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Genetics Review- Mendelian Genetics to Sex-Linked Traits

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University of Waterloo
BIOL 239
Christine Dupont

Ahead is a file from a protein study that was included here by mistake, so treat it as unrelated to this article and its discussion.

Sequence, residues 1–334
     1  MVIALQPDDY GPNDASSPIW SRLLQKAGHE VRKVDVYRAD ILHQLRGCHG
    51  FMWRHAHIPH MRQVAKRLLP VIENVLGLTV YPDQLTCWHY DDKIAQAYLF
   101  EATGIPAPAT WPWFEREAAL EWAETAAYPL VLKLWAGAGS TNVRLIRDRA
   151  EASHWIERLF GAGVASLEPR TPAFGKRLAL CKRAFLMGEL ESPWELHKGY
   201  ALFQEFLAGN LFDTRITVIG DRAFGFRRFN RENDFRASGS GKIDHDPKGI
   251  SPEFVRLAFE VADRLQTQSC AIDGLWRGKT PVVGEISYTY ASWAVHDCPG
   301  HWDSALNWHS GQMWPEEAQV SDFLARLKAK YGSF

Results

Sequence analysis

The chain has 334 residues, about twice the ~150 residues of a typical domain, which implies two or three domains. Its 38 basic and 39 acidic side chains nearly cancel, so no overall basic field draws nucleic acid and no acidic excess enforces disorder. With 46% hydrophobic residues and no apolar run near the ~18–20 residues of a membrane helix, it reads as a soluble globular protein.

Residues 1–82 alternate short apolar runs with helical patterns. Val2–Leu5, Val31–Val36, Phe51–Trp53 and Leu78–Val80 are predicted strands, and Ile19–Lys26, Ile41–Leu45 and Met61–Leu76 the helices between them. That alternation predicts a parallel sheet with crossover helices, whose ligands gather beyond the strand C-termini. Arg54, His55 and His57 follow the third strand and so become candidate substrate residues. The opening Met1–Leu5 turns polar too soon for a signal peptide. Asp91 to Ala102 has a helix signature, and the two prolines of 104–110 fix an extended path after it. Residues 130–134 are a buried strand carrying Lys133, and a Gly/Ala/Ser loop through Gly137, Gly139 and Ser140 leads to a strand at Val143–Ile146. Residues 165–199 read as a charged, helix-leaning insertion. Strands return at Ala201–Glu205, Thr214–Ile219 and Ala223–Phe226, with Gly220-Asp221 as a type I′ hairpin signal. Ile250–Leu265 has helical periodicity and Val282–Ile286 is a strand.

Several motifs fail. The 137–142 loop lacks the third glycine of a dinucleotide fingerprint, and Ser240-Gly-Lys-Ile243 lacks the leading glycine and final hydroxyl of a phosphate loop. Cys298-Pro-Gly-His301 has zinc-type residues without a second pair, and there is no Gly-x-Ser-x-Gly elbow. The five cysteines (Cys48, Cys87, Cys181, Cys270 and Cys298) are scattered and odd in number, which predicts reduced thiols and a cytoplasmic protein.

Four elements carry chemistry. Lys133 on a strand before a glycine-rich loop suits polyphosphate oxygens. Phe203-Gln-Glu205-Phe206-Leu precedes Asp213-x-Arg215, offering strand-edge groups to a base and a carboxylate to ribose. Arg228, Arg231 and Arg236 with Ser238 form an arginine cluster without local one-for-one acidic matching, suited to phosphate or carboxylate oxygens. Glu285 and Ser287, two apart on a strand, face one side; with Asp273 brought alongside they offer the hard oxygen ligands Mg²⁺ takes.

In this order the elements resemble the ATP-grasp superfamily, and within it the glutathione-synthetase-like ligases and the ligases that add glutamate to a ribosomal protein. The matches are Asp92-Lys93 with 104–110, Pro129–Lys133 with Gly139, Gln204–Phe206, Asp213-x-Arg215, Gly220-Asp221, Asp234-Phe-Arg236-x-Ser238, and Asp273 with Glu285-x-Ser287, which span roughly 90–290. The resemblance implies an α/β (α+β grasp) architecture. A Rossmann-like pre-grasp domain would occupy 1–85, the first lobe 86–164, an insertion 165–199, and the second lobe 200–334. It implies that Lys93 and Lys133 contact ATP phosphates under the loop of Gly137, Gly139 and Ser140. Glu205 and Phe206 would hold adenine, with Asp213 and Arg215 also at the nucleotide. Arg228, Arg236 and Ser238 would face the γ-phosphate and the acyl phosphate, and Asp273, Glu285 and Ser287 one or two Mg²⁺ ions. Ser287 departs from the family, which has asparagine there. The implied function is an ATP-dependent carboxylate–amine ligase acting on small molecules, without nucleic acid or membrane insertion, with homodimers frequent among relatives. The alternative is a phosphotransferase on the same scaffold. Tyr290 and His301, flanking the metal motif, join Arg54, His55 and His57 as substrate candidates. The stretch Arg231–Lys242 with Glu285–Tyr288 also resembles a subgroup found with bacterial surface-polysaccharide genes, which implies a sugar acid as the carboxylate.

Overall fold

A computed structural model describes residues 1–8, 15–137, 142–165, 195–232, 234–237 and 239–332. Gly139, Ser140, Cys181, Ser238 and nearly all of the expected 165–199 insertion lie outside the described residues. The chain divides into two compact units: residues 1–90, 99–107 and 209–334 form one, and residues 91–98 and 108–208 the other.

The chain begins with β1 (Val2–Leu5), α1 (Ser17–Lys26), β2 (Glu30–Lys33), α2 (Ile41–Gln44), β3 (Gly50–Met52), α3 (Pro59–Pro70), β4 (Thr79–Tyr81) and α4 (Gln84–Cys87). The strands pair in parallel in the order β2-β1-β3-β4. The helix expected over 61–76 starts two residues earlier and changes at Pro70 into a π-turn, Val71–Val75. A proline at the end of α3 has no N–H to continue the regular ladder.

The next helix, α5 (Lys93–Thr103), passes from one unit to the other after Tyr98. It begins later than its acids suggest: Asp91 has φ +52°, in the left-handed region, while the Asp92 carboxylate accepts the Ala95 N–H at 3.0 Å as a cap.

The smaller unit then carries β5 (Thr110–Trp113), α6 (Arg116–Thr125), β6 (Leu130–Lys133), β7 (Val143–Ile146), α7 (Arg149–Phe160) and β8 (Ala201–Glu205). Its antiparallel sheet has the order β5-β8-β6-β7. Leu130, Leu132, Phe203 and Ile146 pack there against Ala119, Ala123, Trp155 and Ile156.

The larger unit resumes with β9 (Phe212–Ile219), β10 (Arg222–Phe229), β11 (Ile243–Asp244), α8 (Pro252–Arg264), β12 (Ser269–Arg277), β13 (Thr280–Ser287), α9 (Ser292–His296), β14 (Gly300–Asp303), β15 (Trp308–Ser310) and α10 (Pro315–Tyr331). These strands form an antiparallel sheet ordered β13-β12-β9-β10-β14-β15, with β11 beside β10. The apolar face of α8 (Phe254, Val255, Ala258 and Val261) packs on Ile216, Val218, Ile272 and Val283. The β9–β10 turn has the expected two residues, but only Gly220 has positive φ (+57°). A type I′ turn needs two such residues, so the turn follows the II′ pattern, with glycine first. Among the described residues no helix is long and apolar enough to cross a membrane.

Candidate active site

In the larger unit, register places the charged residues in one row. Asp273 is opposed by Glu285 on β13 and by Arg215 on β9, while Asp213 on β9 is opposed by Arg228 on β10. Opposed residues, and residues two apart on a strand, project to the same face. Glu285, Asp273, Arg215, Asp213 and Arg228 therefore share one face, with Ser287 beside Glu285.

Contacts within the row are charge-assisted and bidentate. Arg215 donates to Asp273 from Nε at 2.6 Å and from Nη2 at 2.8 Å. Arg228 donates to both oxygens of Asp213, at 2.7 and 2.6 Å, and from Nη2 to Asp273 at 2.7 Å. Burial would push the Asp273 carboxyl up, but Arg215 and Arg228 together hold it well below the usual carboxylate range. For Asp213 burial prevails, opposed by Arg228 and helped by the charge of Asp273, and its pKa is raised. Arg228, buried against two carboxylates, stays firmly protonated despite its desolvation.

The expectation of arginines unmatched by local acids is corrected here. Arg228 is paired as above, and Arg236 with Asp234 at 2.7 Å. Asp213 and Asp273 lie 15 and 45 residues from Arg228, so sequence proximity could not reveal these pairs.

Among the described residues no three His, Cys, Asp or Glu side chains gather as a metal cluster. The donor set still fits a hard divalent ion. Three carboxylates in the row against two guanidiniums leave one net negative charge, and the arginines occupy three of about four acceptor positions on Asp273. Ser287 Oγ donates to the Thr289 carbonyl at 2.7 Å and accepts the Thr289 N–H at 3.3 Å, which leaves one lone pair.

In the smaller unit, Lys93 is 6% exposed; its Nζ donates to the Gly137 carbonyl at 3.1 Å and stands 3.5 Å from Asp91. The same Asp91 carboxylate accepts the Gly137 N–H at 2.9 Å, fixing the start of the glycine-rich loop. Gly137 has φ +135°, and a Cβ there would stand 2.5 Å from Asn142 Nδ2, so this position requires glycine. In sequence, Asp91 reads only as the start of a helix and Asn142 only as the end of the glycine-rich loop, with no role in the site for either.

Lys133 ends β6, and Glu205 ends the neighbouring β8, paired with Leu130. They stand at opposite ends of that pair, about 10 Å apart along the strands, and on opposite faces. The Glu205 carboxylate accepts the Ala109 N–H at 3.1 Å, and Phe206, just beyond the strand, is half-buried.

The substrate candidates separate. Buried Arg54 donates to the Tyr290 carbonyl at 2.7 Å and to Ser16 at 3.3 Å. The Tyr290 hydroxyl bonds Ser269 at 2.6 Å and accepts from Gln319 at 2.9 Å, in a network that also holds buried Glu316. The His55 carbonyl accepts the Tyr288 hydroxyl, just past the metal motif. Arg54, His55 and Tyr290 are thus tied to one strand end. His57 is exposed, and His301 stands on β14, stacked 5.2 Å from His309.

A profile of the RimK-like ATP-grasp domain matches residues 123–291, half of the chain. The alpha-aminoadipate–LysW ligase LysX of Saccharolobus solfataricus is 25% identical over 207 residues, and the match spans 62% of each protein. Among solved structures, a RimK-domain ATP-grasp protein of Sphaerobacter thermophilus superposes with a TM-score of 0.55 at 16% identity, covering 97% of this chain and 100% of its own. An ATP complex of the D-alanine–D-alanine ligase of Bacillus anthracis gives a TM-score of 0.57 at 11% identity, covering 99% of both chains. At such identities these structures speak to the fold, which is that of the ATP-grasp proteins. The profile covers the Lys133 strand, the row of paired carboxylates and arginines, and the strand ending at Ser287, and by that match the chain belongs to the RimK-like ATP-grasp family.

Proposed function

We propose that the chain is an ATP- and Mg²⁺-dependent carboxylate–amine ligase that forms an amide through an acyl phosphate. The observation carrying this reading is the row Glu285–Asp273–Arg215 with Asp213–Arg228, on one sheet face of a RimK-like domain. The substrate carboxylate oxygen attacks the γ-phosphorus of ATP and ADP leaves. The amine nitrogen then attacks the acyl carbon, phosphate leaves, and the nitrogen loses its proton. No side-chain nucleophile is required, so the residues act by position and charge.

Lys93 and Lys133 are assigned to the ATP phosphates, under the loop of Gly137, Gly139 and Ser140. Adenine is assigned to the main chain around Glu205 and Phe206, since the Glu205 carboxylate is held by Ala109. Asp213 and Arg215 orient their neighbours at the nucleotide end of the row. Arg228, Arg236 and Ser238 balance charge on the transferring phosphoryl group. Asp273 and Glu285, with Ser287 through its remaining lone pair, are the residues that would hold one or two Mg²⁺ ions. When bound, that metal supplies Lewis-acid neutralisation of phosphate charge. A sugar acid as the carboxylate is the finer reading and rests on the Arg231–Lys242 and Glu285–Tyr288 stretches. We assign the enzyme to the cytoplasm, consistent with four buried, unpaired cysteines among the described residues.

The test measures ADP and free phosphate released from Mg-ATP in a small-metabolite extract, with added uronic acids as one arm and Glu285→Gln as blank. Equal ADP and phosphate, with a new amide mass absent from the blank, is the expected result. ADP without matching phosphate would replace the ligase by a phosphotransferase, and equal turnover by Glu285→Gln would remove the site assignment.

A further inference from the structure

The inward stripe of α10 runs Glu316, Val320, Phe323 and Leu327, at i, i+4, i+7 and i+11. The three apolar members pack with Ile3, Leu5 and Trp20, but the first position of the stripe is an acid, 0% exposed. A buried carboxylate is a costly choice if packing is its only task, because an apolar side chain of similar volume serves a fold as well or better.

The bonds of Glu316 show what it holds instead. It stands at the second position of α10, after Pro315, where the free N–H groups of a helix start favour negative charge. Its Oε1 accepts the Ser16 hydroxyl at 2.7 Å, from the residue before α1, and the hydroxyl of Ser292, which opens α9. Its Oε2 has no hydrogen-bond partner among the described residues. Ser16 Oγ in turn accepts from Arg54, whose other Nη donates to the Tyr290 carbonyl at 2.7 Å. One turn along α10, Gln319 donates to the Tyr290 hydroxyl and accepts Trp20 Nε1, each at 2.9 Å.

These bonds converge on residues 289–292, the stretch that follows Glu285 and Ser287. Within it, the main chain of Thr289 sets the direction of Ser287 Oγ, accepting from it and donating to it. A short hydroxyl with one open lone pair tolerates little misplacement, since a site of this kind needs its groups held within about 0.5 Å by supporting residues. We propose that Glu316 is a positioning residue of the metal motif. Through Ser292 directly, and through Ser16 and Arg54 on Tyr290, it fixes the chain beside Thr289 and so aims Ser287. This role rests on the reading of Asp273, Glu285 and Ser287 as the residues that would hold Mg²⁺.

GENETICS REVIEW Mendelian Genetics Belyaev – artificially bred foxes ... happy foxes vs. Aggressive foxes Gregor Mendel  Laws of inheritance  Experimented with garden peas Why Garden peas?  Easy to cross fertalize  Large numbers of offspring  Short growing season Terms:  Phenotype – observable characteristic, can also be behaviour, referred to as a trait  Genotype- genetic make-up, version of the gene  Monohybrid cross – matings between individuals that only differ one trait. Example tall vs short, yellow vs green.  Gene - unit of inheritance. Example: one gene in humans for eye colour.  Allele – alternative form of a single gene. Example: ^ multiple versions of eye colour.  Polymorphic – more than one wiltype allele, allele frequency greater than 1%, several alleses that occurs normally in a population.  Monomorphic – only one wild type alle, only one allele above 1%, one alle that is normally present in a population. Example: sickle cell anemia. Mendel’s Experiment  Used selective breeding to produce true-breeding lines of peas  Found a consistent pattern of inheritance Mendel’s Law of Segregation:  The two alleles for each trait separate (segregate) during gamete formation, then unite at random, one from each parent at fertalization.  At the DNA level, alleles vary in nucleotide sequence. This can result in: o New amino acid sequence o Change in amount of protein o Example: garden peas. R gives the pea a round shape because the version of starch branching enzyme is normal. The r allele as a different amino acid sequence and the enzyme is non-functional (ie. No branched starch) Mendel’s Law of Independent Assortment  During gamete formation, different pairs of alleles segregate independently of each other.  Dominant allele G does not always travel and pair with dominant W.  Law of Segregation describes how different alleles of a gene behave. Law of independant assortment describes how different genes behave. Monohybrids  Phenotypic ratio: 3:1  Genotypic ratio 1:2:1 Genetic Crosses  To determine genotype, use a test cross.  Test crosses – breeding an unknown genotype with a homozygous recessive indivudal will reveal it’s genotype. If it was homozygous dominant, all offspring would be heterozygous and have the same phenotype. If it was heterozygous, we would see a 1:1 phenotypic ratio.  The law of product: The probability of two or more independent events occurring together is the product of the probabilities that each event will occur by itself. AND IS KEY WORD.  Example: coin toss – chance of heads twice in a row. Probability of a head and a head. ½ x ½ = ¼  The law of sum: The probability of either of two mutually exclusive events occurring is the sum of their individual probabilities. OR IS KEY WORD.  Example: dice throw – chance of an even number = probability of a 2, 4, or a 6. 1/6 + 1/6 + 1/6 = ½.  Dihybrid Crosses – Matings between individuals that differ in two traits. There are more phenotypic classes seen because there are more allele combo’s for independant assortment. 9:3:3:1 phenotypic ratio.  Multihybrid Cross – Matings between individuals that differ in three or more traits. Eg. Aa Bb Cc Dd x Aa Bb Cc Dd ... branching diagram, or... probability of an AA bb Cc Dd offspring : ¼ x ¼ x ½ x ½ = 1/64 -Modifications of Mendels Ratios  Crossing – When a gene has more than 2 alleles, reciprocal crosses help determine dominance relationships by crossing pure breeding lines. Modifications of Mendelian Ratios Types of Dominance:  Incomplete Dominance – The F1 hybrid doesn’t resemble either purebred parent. There is often an intermediate phenotype. It doesn’t look like dominant or recessive phenotype.  Example: flower pigments. A red flower and a white flower produce all Pink F1s. The F2s will have a genotypic and phenotypic ratio of 1:2:1 – one AA (red), two Aa (pink) and one aa (white).  Codiminance – alternative traits are both visible in F1 hybrid. F2 generation also genotypic and phenotypic ratio of 1:2:1.  Blood type is also an example of codominance. A IB= makes enzyme to add sugar A I = makes enzyme to add sugar B I or I = no ezymes = no sugars added I I = makes both enzymes to add sugars A and B A B I and I are codiminant to each other, but they are both dominant to the I allele. Note: A gene may have more than two alleles  Reciprocal crosses cna be done between pure breeding lines (homozygous) representing all phenotypes to establish the dominance series.  Ex. Bunnies: cc = albino, c c = Himalayan, c c = chinchilla, and c c = wildtype.  Wild is dominant over Himalayan, wild is dominant over albino. Himalayan is dominant over albino.  C (wildtype) has a frequency of greater than 99% therefore is a monomorphic gene Alleles and Inheritance  Allele frequency – percentage of total number of copies of a gene in a population represented by a particular allele.  Wild type allele: greater than 1%  Mutant allele: less than 1%  Monomorphic: gene with only one wild type allele, all other mutant.  Polymorphic: gene with more than one wild type allele.  Pleiotropy: m
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